Flora Sharp for Varsity

Flora Sharp (or @floramaeart on Instagram) is part-time second year History of Art student, part-time corset extraordinaire. This week, we caught up with her to talk all things fabric, feminism, and flair.

Varsity: This is an incredible and ambitious creative project, when and how did you start it?

Flora: I had wanted to take up sewing for years, but it was only during lockdown that I decided that this was the perfect time to get into it. In April, I saw a tutorial on Pinterest showing how you can use zip ties as corset boning which was much simpler than I would ever have thought and I loved the idea! I borrowed my mum’s sewing machine and gave it a go, trying to work out the rough measurements of a pattern that might fit me. Even though my first attempt was pretty shabby to say the least, it gave me the confidence to start experimenting with my own patterns and shapes. Over April and May, I was working on developing designs almost every day until I got the patterns just right, which was challenging, but so fun. It was only in June that I really started to think about making corsets for other people, and I began selling corsets as a way of raising money for bail funds in the US in support of BLM protests, and donated all profits to these causes. During June and July, I made over thirty corsets in total, which made such a difference to my technique, but also my ambition with what I could do with this hobby.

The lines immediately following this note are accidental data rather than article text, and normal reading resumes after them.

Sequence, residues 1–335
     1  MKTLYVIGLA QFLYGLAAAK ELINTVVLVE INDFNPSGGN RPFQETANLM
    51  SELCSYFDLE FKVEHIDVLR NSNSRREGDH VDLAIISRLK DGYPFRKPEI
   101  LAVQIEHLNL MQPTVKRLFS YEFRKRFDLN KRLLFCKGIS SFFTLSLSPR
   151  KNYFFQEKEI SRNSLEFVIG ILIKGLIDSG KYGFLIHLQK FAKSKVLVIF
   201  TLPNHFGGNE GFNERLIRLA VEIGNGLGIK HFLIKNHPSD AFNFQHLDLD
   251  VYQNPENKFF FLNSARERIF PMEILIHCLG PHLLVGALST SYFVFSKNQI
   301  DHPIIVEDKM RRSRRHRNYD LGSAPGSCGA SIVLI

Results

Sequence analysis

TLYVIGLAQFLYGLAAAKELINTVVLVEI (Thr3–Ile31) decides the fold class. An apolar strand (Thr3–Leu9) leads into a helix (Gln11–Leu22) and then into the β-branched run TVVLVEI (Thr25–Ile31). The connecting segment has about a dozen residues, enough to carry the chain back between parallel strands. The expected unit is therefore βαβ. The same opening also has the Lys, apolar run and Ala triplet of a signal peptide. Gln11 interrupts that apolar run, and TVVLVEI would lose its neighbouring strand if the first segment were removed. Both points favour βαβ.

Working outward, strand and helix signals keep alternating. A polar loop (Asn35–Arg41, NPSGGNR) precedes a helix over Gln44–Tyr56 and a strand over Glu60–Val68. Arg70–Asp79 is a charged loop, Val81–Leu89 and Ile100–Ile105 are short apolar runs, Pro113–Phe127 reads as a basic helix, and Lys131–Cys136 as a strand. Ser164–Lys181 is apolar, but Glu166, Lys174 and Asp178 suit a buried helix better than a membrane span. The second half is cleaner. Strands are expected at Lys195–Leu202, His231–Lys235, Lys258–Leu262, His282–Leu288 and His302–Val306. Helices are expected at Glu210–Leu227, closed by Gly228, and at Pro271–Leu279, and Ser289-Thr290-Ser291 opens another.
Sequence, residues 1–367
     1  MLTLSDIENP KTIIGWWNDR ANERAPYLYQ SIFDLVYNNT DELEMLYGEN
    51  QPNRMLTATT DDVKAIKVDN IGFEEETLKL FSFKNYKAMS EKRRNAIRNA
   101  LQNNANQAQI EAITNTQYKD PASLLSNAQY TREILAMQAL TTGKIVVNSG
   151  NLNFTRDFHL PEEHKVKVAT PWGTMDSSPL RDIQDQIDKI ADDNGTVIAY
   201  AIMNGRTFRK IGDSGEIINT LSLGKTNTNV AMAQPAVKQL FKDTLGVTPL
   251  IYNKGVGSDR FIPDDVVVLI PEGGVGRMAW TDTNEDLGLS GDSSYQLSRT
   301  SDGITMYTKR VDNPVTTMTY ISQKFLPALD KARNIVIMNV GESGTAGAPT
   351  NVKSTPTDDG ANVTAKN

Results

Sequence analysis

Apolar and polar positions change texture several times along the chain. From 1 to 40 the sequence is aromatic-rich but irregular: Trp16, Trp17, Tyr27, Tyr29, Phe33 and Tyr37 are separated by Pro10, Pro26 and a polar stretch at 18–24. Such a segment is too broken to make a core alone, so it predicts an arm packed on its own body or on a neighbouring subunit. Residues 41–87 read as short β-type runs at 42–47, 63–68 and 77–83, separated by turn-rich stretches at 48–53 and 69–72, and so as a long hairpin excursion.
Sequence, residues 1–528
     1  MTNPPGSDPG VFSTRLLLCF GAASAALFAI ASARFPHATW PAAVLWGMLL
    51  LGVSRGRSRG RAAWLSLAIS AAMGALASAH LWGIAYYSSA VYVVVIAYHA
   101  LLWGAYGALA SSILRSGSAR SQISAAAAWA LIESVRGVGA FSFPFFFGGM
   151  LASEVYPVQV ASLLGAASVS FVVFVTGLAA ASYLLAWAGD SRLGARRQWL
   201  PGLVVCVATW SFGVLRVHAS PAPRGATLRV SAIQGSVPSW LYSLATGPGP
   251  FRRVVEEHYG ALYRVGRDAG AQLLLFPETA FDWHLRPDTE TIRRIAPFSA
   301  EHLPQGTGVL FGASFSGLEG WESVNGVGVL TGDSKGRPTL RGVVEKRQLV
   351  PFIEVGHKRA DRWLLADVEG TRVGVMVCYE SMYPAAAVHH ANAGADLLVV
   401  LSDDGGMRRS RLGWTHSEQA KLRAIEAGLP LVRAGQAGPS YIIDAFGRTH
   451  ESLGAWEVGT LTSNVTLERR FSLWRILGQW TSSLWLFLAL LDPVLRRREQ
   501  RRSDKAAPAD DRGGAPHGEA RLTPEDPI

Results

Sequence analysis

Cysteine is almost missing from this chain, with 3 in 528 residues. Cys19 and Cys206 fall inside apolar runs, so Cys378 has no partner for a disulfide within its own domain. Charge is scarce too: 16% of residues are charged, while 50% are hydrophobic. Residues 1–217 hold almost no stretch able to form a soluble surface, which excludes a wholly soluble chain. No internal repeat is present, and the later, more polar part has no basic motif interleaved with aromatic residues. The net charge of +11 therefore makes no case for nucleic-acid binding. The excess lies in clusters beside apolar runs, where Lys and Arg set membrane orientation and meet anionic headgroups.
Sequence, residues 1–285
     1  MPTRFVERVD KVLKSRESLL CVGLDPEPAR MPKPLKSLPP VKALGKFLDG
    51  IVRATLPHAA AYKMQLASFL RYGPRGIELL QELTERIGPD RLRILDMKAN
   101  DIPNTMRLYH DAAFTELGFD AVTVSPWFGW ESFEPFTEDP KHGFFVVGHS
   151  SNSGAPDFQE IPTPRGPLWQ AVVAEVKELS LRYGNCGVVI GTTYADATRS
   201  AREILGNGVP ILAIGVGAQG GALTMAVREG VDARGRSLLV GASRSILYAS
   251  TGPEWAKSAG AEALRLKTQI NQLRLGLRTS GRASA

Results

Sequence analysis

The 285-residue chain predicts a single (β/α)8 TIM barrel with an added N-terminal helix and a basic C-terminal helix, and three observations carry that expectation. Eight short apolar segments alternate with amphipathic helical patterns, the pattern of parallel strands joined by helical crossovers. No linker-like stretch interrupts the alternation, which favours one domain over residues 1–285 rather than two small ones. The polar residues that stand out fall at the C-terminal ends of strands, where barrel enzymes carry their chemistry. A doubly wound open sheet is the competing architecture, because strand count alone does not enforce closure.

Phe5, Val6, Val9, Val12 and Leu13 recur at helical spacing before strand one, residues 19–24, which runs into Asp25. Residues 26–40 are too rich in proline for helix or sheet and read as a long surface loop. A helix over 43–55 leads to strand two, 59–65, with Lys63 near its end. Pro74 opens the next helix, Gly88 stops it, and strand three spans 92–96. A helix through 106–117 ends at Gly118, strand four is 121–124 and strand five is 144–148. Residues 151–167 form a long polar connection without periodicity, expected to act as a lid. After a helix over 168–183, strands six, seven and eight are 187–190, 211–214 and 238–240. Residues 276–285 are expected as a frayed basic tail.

V: Why corsets?